And with it comes a hit to the state’s premiums … Eric Roper of the Strib says: “An insurance trust representing Minnesota counties has agreed to pay $2 million to settle a potential class action lawsuit over drivers license data snooping. The proposed settlement, presented Thursday in federal court, is the largest payout so far over misuse of drivers license files — which has spurred a raft of lawsuits in recent months. The impact on taxpayers will likely be felt through governments paying higher insurance premiums to the Minnesota Counties Insurance Trust, which provides liability coverage to all but the state’s largest counties.”
So you get … 30 days … for stealing $95,000? Paul Walsh of the Strib says: “After Lakeville bank employee Leah M. Bremner was confronted about discrepancies in her paperwork, she told a colleague she lost her job over a ‘stupid decision’ and ‘will have to pay the consequence.’ On Tuesday, the 32-year-old Farmington woman learned her consequence for stealing $95,000 from the bank where she used to work. A Dakota County District Court judge sentenced Bremner to 30 days in jail and another 90 under home monitoring. She’ll also have to pay back what she stole.” But then … it’s more than any major Wall Street bank executive.
According to Pat Pheifer in the Strib, Anarae Schunk was most likely killed in Rosemount and dumped later in Rice County: “Based on the investigation, Schunk, the 20-year-old University of Minnesota student whose body was found Monday in a roadside ditch near Lonsdale, is believed to have died at the Rosemount townhouse where she went with her ex-boyfriend, Shavelle Chavez-Nelson, and his girlfriend after they left Nina’s Grill in Burnsville. In a news release, police said charges in her death are not expected to be filed ‘for several weeks.’ ”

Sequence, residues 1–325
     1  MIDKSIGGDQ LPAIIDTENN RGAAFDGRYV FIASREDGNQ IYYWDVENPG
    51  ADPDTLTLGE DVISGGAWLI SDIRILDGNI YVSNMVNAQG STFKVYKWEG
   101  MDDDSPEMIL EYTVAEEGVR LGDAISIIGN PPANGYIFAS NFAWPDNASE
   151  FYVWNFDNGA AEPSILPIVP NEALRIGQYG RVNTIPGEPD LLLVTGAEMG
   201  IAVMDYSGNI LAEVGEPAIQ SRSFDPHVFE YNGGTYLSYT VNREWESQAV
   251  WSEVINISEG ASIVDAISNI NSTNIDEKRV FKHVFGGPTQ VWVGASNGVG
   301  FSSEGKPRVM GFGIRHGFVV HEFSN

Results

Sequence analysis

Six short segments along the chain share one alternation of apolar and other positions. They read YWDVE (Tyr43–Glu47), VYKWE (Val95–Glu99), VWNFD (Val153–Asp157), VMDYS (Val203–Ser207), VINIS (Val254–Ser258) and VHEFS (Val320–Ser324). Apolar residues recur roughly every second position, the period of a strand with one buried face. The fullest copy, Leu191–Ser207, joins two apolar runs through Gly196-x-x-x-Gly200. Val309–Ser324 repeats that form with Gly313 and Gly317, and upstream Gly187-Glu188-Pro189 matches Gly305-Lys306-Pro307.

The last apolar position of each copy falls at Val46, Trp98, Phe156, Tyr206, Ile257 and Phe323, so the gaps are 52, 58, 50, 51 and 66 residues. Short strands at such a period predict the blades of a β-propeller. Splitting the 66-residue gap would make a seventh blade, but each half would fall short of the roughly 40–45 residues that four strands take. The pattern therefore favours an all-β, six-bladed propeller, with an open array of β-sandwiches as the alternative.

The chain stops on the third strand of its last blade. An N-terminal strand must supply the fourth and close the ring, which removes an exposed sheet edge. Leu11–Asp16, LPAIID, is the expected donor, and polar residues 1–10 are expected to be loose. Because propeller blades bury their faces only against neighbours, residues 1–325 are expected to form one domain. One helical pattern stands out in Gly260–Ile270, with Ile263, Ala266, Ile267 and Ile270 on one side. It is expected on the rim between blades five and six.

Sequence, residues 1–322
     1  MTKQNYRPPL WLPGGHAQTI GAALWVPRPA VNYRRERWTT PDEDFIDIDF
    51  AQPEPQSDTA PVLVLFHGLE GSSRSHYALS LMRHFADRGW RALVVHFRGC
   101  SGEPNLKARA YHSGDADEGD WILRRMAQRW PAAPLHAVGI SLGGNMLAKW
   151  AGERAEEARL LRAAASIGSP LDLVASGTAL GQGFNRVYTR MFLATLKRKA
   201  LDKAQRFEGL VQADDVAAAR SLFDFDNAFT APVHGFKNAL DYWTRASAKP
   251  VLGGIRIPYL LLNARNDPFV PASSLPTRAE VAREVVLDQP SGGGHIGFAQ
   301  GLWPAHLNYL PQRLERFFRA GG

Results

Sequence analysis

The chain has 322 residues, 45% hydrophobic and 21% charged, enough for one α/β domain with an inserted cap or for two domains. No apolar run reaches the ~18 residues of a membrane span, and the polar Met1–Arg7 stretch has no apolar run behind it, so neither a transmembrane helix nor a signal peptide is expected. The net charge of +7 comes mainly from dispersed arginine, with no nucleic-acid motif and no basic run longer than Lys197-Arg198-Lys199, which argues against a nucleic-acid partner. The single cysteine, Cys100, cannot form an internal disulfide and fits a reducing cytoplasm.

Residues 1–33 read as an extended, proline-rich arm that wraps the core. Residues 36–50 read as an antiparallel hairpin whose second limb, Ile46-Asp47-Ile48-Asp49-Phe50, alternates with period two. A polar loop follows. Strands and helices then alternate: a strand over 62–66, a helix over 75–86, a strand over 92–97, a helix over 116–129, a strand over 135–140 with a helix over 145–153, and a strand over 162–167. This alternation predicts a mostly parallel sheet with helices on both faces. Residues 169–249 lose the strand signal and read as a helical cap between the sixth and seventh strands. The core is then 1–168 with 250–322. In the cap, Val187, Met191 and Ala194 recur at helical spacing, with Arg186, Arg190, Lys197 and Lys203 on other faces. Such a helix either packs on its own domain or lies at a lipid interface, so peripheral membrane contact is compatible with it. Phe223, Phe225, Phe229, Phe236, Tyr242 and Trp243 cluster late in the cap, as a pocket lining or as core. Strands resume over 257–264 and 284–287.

For a little perspective, let’s go to Ivan Hewett of Britain’s Telegraph: “The Minnesota Orchestra hasn’t played a note since October 2012. The reasons for this reveal the mind-set of greed and astonishing complacency that has brought several top tier US orchestras to the brink of ruin. … none of the commentary in the US points to a single overwhelming fact that to an outsider appears blinding obvious: the top tier of American orchestras overpays its players. … An aspiring orchestral musician has to start in a ‘feeder’ orchestra — Nashville, say, or Colorado — but sees this only as a stepping stone to a ‘destination’ orchestra.i.e. one of the Big Twelve orchestras, such as the Chicago, Cleveland or New York Philharmonic. The top orchestras are determined to hang on to their status as a ‘destination’ orchestra — but what if (say) the Minnesota Orchestra ends up becoming a ‘feeder’ for the Chicago or Los Angeles orchestras?”
If you’re big on symbolic gestures … The AP reports on shutdown pay decisions. A sample:
“• Democratic Rep. Keith Ellison, 5th District: Keeping his paycheck, and in a statement said, “I oppose the shutdown, don’t believe in it and did not cause it.”
• Democratic Sen. Amy Klobuchar: Donating her full pay to the Foundation of the National Institutes of Health because medical research is affected by the shutdown.
• Democratic Sen. Al Franken: Donating his full pay to Second Harvest Heartland, a hunger safety-net organization he thinks might see extra traffic during the shutdown.